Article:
Bullying, abuse, poverty, a loved one getting cancer — these are all things that a lot of kids do very sadly have to deal with on a daily basis, so I understand why there are children’s books about these things, even though they’re not exactly happy funtime subjects. But from the number of children’s books focused on it, you’d think that having a best friend who drowned was a universal human experience. I would venture to say it’s relatively uncommon!

I do understand, though, that it’s helpful to have whatever awful thing you’re experiencing reflected back at you through literature, especially when you’re a kid, because it makes you feel less alone. I never found mine. It would have been something along the lines of “Wanda Knows Something About Her Tends to Alienate People, But She Cannot Figure Out Precisely What.”

Not a very catchy title, I realize.

Anyway, what were your favorite children’s books, so I can add them to my list? It’s already in the hundreds, so I won’t share it, but besides the obvious, I was really into all the Zilpha Keatley Snyder novels. I wanted to be a part of the Stanley family. No one ever seems to know what I’m talking about when I mention these — did anyone else read them?

Comments 21

  1. Frank Lee MeiDere May 17, 2016

    “I mean, I can’t recall that accidentally killing a friend was something I ran up against quite a lot as a child, but then, I wasn’t much of a joiner so perhaps I missed that stage.”

    I’m just going to go to bed now drifting on the wonderfulness of that line.

    Liked by 1 person

  2. Zandy Ring May 18, 2016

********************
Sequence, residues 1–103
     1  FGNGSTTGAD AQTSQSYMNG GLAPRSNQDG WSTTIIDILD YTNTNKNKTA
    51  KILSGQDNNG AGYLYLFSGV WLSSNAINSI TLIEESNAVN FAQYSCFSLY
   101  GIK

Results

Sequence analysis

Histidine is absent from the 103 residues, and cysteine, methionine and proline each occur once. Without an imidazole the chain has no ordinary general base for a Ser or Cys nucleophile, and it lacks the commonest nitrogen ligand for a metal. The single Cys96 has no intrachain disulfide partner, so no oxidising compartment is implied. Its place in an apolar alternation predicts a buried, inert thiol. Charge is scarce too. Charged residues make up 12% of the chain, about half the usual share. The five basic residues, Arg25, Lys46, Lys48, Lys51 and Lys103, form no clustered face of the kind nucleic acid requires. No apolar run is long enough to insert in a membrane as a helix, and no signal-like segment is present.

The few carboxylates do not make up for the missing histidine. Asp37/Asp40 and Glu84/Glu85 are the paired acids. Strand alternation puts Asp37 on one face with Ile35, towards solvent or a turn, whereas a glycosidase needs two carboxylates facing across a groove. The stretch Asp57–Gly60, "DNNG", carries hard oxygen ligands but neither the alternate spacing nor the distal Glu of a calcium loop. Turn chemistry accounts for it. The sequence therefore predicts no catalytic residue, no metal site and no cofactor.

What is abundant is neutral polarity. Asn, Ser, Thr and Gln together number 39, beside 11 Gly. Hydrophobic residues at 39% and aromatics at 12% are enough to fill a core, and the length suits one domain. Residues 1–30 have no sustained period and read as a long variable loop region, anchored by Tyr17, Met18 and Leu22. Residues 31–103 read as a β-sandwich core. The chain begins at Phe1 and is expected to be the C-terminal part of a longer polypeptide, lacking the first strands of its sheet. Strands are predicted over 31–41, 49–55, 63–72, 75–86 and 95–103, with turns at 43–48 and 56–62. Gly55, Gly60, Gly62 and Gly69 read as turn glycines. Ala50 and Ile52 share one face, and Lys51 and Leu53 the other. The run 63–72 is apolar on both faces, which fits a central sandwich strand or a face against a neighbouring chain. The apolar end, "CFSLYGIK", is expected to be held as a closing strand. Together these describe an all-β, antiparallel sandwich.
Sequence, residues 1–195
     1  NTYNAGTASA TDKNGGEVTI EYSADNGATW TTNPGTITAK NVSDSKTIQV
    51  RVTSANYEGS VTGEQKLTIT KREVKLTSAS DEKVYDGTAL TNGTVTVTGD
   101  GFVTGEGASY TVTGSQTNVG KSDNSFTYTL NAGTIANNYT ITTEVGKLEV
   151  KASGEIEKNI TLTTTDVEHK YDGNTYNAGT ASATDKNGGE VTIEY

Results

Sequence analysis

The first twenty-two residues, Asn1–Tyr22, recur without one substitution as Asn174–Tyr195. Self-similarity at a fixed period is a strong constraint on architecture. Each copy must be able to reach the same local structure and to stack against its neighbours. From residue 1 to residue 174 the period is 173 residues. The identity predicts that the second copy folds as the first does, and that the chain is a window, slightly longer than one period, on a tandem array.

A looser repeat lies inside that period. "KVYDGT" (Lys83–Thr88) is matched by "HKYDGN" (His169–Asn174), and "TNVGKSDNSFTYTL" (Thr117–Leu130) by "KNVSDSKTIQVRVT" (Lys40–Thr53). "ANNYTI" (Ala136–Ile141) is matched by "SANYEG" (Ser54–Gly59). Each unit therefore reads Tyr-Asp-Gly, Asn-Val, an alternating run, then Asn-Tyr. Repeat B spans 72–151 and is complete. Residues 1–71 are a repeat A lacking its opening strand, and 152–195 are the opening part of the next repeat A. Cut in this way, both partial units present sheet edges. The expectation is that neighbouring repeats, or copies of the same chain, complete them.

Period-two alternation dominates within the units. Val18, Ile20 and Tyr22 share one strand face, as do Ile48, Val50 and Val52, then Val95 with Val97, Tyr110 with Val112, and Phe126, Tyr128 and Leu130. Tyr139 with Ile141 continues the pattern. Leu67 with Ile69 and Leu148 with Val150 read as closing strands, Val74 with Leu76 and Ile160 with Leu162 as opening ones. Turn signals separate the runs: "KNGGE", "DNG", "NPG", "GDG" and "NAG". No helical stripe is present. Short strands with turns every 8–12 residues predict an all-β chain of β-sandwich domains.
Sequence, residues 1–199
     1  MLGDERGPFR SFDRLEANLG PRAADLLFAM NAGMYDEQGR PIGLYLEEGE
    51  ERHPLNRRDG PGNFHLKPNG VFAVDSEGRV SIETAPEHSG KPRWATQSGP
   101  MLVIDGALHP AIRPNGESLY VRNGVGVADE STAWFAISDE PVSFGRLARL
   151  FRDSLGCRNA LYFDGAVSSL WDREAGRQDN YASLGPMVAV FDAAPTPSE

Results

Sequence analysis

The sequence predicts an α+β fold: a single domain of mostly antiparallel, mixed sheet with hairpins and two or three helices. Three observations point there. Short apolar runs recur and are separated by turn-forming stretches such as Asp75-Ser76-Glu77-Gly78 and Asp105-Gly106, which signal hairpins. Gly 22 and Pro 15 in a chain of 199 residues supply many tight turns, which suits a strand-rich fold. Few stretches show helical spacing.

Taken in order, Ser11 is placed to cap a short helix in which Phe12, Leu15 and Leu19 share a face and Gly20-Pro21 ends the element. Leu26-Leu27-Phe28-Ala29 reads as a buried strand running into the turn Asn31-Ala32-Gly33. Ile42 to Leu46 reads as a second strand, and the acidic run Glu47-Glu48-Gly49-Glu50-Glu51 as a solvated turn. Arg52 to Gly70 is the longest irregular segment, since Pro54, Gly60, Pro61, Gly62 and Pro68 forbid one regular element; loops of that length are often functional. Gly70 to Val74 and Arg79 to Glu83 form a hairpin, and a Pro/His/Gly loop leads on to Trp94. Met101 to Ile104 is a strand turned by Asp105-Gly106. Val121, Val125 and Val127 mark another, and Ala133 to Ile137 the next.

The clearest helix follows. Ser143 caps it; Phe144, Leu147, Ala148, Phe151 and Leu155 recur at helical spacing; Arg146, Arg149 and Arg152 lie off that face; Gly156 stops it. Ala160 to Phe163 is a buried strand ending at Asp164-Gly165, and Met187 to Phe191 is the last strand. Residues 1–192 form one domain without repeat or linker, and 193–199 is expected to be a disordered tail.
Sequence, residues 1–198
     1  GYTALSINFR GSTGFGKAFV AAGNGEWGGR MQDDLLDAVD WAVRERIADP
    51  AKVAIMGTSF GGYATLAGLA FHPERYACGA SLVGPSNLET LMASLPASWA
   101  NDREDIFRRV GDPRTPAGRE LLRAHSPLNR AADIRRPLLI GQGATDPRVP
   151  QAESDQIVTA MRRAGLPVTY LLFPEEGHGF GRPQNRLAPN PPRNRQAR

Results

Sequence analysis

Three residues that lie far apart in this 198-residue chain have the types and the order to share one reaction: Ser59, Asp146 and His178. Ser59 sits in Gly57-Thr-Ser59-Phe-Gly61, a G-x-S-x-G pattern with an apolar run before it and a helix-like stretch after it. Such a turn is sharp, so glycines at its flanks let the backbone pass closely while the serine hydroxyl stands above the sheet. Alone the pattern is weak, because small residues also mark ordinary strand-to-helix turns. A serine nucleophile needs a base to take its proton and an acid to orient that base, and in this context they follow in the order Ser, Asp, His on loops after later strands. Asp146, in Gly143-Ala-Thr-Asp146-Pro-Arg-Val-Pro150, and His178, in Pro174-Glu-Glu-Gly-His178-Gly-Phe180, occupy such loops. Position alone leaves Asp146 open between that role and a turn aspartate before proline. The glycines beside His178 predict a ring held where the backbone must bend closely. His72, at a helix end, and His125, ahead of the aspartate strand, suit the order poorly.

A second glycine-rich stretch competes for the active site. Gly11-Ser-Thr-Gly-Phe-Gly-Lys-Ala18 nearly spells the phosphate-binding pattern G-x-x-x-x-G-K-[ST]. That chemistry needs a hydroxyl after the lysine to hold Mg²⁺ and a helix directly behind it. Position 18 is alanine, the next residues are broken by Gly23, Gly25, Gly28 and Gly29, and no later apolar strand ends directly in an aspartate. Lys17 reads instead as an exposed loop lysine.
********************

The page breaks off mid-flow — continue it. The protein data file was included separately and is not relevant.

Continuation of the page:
I read “Number the Stars” a lot in grade school.

    I was also super into Redwall, by Brian Jacques, and all the other books in that series. I actually want to re-read them sometime.

    There was also one about moles, which Google tells me is called Duncton Wood by William Horwood. I’m not totally sure these were children’s books.

    Like

  3. Pam Kocke May 18, 2016

    If my kids (and my reading habits as a child) are anything to go by, it’s true. Your kid isn’t going to give a shit about books. Sorry. Good luck with that.

    Actually, I like to think if I’d just had one kid then I would have been able to read more to it, so maybe I can blame the triplets thing here. So never mind! Your kid will love to read! I’m sure of it!

    PS Only have one kid at a time.

    Liked by 2 people

  4. Cat Rymer May 23, 2016

    Kate Seredy, both The Good Master and The Singing Tree
    Ann Rinaldi, The Last Silk Dress
    Katherine Patterson, Lyddie
    Carol Ryrie Brink, Caddie Woodlawn
    Avi, The True Confessions of Charlotte Doyle
    Mary Downing Hahn, Wait Til Helen Comes
    All 3 of the books in the Little Women Series, though I liked the middle one, Little Men, far and away the best

    I’m sure I’ll wake up at 2am for the next 4 days with new books I remember also loving. I blame this future interrupted sleep on you.

    Liked by 1 person